Eunice Lin sailed 113 days on the water in 2016. Here she answers some questions about what the Century Club (and sailing) means to her.
I got back into sailing after a 10 plus year hiatus due primarily to work (I was the General Counsel for a large DC publisher) and shoulder and elbow surgeries. During the summer of 2011, my company was in the process of being sold and my “vacation” was a J World weekend spinnaker course. I never would have imagined how much my life would be changed by that decision. I now regularly race on a J/105, J/80, Pearson 37 and I occasionally race on a J/70, Cal 34 and my own boat, an Alerion Express 28. I skippered a 37’ Pearson in the HHSA Women’s Regatta and raced in a couple of double-handed races.
1. What was the best part of reaching 100 days on the water for you?
I had close to 80 days on the water in 2015, so my friend Ted suggested I go for the 2016 Century Club, and I'm not sure I would have made it had he not pushed me go out on more day sails. Tim Mooney (a member) advised me to make a plan for the year. Good advice because getting enough days was harder than I thought, especially after the regatta season ended and the weather got colder. I even delayed getting my boat hauled out so I could get in a couple more days.
The best part about making it was the satisfaction of achieving that goal. The effort to get out there also gave me more experience with boat handling, docking and navigating - I feel more comfortable taking my boat out by myself.
2. What were some of the biggest obstacles?
Life gets in the way although, being retired, I really have no excuse. I was going to try to get in more days during the August break between regattas, but then I decided to take a three week 2600 mile drive up the West Coast, so that set me back (I did manage to get in one day on the ferry). The heat was really tough to deal with this summer. It sounds crazy, but I will race in any weather or temperature. However, when I had a choice of leisurely cruising in 98 degrees and 100% humidity and staying inside, I often chose the latter. Those are lame excuses, I know.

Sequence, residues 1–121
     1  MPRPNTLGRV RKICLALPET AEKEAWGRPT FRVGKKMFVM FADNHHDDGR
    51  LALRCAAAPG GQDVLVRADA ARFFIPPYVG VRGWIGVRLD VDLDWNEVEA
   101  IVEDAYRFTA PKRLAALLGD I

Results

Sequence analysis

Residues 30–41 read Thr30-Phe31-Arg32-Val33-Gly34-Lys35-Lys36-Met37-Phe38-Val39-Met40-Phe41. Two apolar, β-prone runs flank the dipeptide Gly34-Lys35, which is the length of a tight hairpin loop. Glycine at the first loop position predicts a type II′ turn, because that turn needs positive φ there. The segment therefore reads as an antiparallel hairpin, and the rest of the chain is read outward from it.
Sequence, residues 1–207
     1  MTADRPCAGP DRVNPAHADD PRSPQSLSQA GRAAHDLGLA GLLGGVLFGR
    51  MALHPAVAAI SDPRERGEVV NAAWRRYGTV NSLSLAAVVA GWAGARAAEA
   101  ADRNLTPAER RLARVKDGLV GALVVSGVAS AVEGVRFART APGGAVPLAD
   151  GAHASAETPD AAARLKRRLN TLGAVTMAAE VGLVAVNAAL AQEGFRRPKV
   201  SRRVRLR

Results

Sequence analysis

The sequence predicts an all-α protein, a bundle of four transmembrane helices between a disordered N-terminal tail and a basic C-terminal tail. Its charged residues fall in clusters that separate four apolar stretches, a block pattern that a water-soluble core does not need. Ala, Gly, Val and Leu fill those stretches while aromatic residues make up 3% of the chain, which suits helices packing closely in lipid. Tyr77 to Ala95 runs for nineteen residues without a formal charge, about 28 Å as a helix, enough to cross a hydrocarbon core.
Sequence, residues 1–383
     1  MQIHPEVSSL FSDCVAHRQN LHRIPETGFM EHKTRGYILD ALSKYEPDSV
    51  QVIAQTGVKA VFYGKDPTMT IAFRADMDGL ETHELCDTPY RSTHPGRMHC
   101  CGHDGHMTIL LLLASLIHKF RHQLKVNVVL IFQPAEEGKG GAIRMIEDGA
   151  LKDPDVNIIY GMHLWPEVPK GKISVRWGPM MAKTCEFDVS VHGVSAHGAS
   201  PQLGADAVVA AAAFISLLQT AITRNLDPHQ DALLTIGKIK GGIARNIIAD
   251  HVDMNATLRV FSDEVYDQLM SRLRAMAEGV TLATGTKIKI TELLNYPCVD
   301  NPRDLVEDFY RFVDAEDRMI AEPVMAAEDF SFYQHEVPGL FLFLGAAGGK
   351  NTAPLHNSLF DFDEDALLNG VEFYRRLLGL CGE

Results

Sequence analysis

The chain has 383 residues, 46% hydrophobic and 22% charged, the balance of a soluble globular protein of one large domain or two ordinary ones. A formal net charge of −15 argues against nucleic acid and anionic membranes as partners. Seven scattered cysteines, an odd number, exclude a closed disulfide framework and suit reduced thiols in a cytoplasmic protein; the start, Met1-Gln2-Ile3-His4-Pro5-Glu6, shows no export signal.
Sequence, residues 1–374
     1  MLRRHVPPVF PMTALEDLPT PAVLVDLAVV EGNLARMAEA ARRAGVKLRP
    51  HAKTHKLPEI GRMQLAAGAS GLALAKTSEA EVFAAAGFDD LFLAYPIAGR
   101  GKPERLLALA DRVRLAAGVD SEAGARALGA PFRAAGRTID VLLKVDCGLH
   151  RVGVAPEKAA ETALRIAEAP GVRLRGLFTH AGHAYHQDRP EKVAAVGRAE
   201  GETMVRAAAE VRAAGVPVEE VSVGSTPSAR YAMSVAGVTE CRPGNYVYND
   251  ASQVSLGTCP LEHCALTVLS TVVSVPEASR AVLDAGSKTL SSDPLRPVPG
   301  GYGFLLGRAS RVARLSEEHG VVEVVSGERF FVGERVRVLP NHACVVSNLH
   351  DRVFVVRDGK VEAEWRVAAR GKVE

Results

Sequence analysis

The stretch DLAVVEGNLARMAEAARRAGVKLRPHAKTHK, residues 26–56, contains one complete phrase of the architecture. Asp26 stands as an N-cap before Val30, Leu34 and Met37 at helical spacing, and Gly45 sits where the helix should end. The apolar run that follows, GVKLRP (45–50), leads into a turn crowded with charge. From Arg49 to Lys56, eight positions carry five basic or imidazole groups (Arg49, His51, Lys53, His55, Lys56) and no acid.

3 .What is one thing you learned this year, either about sailing/paddling or about yourself?
I learned that I'm a pretty good skipper and that I liked sailing with newbies and explaining things in simple terms.
I also still love a challenge, especially as I get older (maybe that's another way of saying I have an ego). This year I did foredeck on a J105 and it was one of the toughest things I've done, both physically and mentally. I survived. Barely. What this year emphasized for me is that racing is a full contact sport and it can be one hell of a workout. So I'm keeping the gym membership.
4. Would you rather be on the water by yourself, or with someone else?
It depends. I enjoy sailing with my friends, but I also enjoy single handing my boat - it's very peaceful and can be challenging and rewarding. The ability to single hand was the primary reason I bought the Alerion and I'm really happy that I can sail it by myself.
5.What’s next for you?
In addition to my regular racing schedule, I'm hoping to race my boat more next year. I'll also be more involved with the Herrington Harbour Sailing Association by serving on the Board and Competition Committee. I also will be the newsletter and Facebook editor. I hope I can race with the Alerion fleet in more regattas. And, of course, I'll be aiming to make the Century Club again.
To read Lin's full sailing log for 2016, click here.